The circuit can be viewed in the page:
http://www.autismpedia.org/wiki/index.php?title=WC

I tried to stimulate the circuit using multisim, but cannot do so as multisim does not have some IC components as in the circuit. Still I cannot understand the circuit how it works. If you want, take a look at the circuit and it will be better if you come up with the explanation.

4. Jay says:

Energy cares,

I also saw the circuit by cramston. I even purchased the circuit from courtiestown.co.uk, and it never worked. It is a joke – do not waste your time like I did. I believe it was never meant to work, but to ‘wear out’ and discourage water cell experimenters. Dr. Cramston, like all others, has been very tight-lipped on his actual setup, and these ‘fake’ circuits are spread throughout the web to discourage the masses. I appreciate this website, for we need actual researchers willing to provide full disclosure. This not only speeds up development, but creates a multi-point source, preventing personal threats and actions due to the widespread placement of designs. Thanks for creating this site!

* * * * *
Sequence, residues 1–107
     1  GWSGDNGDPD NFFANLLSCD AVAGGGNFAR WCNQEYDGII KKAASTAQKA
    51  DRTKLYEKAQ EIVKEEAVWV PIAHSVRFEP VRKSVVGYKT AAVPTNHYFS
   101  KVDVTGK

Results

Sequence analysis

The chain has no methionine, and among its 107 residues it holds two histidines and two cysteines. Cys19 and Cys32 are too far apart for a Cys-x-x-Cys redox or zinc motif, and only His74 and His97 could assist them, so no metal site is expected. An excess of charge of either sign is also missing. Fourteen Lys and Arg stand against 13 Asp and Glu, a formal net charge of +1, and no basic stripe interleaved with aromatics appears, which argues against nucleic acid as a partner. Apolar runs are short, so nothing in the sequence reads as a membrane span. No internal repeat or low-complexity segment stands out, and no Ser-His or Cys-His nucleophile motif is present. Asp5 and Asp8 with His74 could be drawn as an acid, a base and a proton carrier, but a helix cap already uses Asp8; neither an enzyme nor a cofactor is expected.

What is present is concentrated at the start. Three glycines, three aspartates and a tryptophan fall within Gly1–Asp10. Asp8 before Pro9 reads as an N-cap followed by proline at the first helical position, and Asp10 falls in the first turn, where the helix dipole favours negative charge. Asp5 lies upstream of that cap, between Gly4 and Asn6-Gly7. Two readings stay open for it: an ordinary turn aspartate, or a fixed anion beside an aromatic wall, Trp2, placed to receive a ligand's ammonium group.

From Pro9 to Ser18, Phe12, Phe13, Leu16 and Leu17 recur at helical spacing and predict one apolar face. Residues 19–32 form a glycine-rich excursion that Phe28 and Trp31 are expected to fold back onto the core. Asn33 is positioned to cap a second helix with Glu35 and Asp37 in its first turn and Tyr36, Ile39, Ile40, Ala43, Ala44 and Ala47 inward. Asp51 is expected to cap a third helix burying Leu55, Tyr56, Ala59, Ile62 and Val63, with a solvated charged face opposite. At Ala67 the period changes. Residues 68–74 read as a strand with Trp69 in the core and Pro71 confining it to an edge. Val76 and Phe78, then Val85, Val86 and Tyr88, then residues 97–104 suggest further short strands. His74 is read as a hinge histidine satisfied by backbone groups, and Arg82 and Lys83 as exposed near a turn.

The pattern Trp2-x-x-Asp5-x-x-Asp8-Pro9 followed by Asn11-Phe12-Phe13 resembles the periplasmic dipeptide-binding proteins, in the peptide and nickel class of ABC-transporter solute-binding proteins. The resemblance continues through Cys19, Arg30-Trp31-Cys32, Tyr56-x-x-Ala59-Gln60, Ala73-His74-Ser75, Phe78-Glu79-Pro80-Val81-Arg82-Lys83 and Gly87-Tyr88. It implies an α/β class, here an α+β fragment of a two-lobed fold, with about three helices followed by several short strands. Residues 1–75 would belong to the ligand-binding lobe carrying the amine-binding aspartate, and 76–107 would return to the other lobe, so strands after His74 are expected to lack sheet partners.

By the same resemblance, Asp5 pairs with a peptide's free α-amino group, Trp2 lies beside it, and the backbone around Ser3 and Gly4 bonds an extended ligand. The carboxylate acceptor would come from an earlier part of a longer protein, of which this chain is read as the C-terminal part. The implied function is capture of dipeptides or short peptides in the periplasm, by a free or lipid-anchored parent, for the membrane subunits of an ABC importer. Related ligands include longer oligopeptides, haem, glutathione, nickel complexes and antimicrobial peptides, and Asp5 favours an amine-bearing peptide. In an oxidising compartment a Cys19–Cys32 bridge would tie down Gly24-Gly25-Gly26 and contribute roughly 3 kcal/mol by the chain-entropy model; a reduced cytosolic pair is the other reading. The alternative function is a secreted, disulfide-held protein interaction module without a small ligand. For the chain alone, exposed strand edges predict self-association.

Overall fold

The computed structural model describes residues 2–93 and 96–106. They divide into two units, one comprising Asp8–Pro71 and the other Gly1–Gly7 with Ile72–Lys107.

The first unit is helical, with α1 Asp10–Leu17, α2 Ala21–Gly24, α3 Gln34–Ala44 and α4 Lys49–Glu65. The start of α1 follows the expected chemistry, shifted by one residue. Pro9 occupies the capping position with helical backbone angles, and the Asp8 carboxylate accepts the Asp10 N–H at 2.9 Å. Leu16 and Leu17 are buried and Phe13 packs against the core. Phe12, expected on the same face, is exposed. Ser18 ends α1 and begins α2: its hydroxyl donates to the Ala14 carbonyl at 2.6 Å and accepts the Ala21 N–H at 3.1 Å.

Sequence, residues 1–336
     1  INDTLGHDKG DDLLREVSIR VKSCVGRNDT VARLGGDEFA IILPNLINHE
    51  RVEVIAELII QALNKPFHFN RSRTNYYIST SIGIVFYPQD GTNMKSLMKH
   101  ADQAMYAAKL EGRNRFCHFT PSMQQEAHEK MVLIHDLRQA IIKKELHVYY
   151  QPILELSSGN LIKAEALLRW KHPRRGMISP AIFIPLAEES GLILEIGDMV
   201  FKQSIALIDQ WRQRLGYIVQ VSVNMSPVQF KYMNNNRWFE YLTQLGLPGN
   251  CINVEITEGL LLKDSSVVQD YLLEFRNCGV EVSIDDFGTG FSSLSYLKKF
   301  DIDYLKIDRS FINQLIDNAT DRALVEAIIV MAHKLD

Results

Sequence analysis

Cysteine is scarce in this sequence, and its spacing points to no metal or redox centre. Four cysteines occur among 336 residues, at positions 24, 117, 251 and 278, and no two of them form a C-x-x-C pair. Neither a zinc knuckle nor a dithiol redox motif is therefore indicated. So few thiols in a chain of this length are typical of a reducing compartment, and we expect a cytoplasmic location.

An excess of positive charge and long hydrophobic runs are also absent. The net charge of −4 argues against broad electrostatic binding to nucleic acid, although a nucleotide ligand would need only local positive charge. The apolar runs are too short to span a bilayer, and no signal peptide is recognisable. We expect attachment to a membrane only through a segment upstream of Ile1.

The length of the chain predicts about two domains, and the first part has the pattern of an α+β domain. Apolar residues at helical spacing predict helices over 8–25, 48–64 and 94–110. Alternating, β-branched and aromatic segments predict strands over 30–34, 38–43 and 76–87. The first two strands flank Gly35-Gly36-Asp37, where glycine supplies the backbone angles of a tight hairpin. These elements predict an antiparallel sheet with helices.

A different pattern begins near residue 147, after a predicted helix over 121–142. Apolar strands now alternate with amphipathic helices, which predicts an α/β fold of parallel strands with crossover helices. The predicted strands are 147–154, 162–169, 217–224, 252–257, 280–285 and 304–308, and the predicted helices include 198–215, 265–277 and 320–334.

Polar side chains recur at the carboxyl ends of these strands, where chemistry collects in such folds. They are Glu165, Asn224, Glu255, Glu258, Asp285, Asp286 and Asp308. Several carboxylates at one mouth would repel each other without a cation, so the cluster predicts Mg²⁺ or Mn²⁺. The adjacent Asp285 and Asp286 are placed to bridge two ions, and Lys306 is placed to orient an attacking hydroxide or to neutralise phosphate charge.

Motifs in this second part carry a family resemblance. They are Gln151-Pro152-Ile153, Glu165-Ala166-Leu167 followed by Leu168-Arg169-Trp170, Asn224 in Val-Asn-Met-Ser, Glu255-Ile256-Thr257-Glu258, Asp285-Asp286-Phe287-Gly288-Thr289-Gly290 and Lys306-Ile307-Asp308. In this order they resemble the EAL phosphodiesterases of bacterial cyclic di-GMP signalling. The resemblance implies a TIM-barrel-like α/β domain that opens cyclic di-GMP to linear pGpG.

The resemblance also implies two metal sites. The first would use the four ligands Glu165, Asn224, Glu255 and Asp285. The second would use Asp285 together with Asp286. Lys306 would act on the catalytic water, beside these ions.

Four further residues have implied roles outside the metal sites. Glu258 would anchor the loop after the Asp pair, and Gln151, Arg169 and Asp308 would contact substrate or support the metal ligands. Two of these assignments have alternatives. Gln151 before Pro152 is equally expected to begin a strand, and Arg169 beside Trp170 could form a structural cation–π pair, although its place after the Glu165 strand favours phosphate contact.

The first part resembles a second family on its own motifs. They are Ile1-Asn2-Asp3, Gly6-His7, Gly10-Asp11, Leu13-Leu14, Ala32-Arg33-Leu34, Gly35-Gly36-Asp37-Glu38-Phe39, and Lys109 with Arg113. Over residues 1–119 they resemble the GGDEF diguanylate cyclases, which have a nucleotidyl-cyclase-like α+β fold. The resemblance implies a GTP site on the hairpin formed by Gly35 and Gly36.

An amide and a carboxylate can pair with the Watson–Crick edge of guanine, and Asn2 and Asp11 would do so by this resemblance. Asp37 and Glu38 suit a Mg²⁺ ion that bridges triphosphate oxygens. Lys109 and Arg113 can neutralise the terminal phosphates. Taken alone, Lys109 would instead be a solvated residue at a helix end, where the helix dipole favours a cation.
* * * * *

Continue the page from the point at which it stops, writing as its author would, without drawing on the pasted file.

5. Jay says:

Alex,

Again thanks for posting this setup – I will be trying this as well. Any suggestions on the windings for the VIC xfmr? Will a microwave transformer do – or is a custom wound one best? If so, how many turns, AWG wire did you use, etc? Thanks for taking the time to post all this stuff! Many good ideas die due to not being shared.

6. Alex says:

@Jay
You are quite welcome! Let’s get’r done! The world needs a better fuel source then the poison currently being used in our gas tanks.

7. Alex says:

@Jay
custom coils is best in my opinion. start getting good at winding transformers and coils yourself, this will open up your own intuitive feel for the tuning of your circuit. you will learn a lot more by getting a handle on this piece i believe.
I use AWG 24 and 32 on the primary and secondary respectively. I use 24 on L1 and L2. Winding on a soft iron core is fine in my opinion. you can get powdered ferrite cores which will give you stronger fields and better frequency handling in higher ranges, but i don’t see this as necessary since your cell will operate in the audio range. maybe later move to more advanced cores, but for starters, you’ll find soft iron is easier to source.
-alex

8. Jay says:

Thanks for the reply! I will definitely try it out – how many turns of each have you tried? I assume if I can get a larger primary to secondary ratio, I can create some larger voltages also. Thanks!

9. Alex says:

@Jay
I have tried many ratios as required for testing.
It is true that the turns ratio (and ratio of resistances) imparts voltage step-up (or step down depending on charge flow direction)
Direction of the windings relative to each other is also an important consideration.
-Alex